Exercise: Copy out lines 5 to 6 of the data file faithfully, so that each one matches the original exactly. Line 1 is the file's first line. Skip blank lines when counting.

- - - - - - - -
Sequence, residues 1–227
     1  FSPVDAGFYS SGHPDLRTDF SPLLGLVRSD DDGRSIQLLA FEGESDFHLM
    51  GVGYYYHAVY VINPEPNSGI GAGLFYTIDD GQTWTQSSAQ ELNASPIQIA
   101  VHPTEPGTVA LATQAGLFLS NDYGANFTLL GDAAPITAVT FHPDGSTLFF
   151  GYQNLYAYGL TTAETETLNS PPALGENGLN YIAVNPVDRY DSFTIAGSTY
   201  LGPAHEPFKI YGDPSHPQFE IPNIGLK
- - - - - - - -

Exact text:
   151  GYQNLYAYGL TTAETETLNS PPALGENGLN YIAVNPVDRY DSFTIAGSTY
   201  LGPAHEPFKI YGDPSHPQFE IPNIGLK